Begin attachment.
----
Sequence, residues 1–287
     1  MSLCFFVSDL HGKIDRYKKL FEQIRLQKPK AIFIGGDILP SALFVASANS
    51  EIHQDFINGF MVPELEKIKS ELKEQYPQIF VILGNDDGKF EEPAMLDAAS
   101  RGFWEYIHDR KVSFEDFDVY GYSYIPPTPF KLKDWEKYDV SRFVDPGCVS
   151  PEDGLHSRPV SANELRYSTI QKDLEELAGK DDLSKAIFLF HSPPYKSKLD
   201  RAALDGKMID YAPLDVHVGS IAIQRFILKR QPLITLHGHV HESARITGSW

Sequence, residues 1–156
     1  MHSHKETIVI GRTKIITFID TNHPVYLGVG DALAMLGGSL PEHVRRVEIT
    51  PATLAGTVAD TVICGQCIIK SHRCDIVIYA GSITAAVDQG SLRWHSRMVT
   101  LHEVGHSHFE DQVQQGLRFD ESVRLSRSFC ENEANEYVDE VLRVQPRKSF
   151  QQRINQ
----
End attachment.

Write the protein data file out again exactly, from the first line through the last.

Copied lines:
Sequence, residues 1–287
     1  MSLCFFVSDL HGKIDRYKKL FEQIRLQKPK AIFIGGDILP SALFVASANS
    51  EIHQDFINGF MVPELEKIKS ELKEQYPQIF VILGNDDGKF EEPAMLDAAS
   101  RGFWEYIHDR KVSFEDFDVY GYSYIPPTPF KLKDWEKYDV SRFVDPGCVS
   151  PEDGLHSRPV SANELRYSTI QKDLEELAGK DDLSKAIFLF HSPPYKSKLD
   201  RAALDGKMID YAPLDVHVGS IAIQRFILKR QPLITLHGHV HESARITGSW

Sequence, residues 1–156
     1  MHSHKETIVI GRTKIITFID TNHPVYLGVG DALAMLGGSL PEHVRRVEIT
    51  PATLAGTVAD TVICGQCIIK SHRCDIVIYA GSITAAVDQG SLRWHSRMVT
   101  LHEVGHSHFE DQVQQGLRFD ESVRLSRSFC ENEANEYVDE VLRVQPRKSF
   151  QQRINQ